## 7.2.1 Modeling the Situation

An interactive environment is used to become familiar with the parameters involved and the range of results that can be obtained.

The interactive figure calculates the amount of medicine in a person's body immediately after taking a dose. In this scenario, the individual takes an initial dose of medicine followed by recurring doses, taken faithfully at fixed intervals of time. The interactive figure allows the initial dose to be different from the recurring doses.

The simulation requires three inputs:

- The initial dose—the amount of medicine given for the initial dose
- The elimination rate—the percent of medicine (given as a decimal) that the kidneys remove from the system between doses
- The recurring dose—the amount of the medicine to be given at fixed intervals

Click Calculate.

*A*(*n*) represents
the amount of medicine in the body immediately *after* taking the *n*th
recurring dose of medicine. So *A*(0) = initial dose, *A*(1) = amount
of medicine in body after first recurring dose, *A*(2) = amount
of medicine in body after second recurring dose, and so on.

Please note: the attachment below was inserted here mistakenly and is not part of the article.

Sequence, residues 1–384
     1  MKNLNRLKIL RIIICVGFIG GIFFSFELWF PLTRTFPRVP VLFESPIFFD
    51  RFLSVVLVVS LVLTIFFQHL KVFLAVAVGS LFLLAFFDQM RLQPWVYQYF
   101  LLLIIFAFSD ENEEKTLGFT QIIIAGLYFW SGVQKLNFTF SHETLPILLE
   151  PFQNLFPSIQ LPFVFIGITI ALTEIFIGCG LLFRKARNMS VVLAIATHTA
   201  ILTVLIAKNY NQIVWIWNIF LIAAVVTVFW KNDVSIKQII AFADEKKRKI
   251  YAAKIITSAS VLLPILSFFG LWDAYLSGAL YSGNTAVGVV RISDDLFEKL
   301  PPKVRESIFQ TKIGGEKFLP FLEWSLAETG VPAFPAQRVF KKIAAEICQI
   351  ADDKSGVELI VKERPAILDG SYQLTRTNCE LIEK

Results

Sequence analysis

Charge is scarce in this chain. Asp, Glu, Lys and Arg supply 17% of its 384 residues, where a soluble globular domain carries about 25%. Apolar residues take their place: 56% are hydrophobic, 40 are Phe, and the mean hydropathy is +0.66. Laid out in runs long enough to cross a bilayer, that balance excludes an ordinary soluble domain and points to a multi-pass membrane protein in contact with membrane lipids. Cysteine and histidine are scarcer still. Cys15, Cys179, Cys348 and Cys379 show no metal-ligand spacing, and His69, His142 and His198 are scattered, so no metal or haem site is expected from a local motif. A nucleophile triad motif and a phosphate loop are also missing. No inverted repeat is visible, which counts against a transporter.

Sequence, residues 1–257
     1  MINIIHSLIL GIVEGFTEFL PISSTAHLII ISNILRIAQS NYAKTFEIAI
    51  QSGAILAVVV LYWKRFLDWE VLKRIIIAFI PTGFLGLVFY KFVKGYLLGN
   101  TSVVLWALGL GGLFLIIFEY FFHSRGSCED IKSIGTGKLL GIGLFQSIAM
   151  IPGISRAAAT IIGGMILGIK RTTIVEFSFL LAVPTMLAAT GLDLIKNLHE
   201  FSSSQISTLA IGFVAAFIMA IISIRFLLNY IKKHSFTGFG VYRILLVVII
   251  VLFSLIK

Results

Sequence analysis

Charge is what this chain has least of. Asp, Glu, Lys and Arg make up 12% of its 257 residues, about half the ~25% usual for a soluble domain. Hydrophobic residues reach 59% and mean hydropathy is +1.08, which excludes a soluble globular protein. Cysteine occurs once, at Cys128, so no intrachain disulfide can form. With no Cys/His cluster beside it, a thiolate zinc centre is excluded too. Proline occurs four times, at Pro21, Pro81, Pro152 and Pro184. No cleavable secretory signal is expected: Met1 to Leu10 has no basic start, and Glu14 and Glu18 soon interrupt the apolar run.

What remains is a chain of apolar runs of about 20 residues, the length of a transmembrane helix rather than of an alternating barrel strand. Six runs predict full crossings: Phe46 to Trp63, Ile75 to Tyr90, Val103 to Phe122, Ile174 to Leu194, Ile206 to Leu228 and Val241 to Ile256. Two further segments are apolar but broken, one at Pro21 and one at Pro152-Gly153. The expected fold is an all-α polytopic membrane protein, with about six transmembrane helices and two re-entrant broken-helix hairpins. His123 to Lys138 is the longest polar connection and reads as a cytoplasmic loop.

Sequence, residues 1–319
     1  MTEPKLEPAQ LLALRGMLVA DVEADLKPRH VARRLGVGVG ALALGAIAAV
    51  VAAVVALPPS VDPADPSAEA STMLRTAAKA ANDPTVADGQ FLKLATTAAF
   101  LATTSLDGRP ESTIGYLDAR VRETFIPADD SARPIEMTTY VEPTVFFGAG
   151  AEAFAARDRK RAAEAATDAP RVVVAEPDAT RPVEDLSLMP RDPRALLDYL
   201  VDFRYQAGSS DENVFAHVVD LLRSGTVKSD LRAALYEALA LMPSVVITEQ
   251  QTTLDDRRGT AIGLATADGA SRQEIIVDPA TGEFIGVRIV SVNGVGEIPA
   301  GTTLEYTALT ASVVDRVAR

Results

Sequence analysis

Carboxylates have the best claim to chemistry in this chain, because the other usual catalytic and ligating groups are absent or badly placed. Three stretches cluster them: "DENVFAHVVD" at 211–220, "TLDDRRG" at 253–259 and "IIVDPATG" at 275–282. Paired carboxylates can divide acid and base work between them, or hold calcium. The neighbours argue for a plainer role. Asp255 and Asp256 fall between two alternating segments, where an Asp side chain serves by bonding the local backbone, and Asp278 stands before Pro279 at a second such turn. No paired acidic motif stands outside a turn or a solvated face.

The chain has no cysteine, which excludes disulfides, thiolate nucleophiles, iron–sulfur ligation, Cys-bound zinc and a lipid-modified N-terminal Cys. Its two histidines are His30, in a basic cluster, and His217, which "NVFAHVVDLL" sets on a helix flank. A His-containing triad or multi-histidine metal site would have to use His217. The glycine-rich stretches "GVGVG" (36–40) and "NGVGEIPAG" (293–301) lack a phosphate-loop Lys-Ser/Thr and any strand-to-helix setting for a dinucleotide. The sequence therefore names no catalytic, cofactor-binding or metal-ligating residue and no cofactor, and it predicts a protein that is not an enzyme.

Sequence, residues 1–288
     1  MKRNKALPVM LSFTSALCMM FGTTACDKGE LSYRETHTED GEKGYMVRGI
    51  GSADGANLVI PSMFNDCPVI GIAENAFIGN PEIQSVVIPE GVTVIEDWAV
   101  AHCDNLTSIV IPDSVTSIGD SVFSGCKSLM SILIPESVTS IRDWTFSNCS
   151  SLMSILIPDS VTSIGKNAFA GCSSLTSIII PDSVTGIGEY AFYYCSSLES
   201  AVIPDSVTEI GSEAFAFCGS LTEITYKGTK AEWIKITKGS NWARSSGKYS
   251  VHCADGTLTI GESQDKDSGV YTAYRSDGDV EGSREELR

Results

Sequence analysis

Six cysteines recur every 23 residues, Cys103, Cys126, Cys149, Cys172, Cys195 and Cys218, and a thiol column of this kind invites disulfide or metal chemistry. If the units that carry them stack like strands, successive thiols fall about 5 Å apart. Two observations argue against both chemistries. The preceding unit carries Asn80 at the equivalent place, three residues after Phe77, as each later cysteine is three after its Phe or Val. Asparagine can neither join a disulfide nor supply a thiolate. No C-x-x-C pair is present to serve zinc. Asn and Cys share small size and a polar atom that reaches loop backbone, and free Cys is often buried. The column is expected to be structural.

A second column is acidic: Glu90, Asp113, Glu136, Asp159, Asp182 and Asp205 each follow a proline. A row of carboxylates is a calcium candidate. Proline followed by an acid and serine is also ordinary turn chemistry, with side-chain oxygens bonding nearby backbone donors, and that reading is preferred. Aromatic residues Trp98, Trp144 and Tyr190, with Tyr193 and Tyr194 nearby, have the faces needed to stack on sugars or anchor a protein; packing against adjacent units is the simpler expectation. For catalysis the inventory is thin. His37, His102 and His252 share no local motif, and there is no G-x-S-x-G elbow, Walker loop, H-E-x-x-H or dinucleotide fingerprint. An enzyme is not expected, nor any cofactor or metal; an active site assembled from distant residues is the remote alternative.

This interactive figure calculates
the amount of drug in the system just *after* taking a dose of medicine.
If the amount of medicine in the body just *before* taking the *n*th
dose is desired, subtract the amount of the recurring dose (or initial dose
for *n* = 0) from the value calculated for *A*(*n*).

**Tasks**

- A student strained her knee in an intramural volleyball game, and
her doctor has prescribed an anti-inflammatory drug to reduce the
swelling. She is to take two 220-mg tablets every 8 hours for 10 days.
Her kidneys eliminate 60% of this drug from her body every 8 hours.
Assume she faithfully takes the correct dosage at the prescribed regular
intervals. The interactive figure below contains the initial dose
(440), the elimination rate (0.60), and the recurring dose (440). Click
on Calculate to generate values for the amount of medicine in her body
just after taking each dose of medicine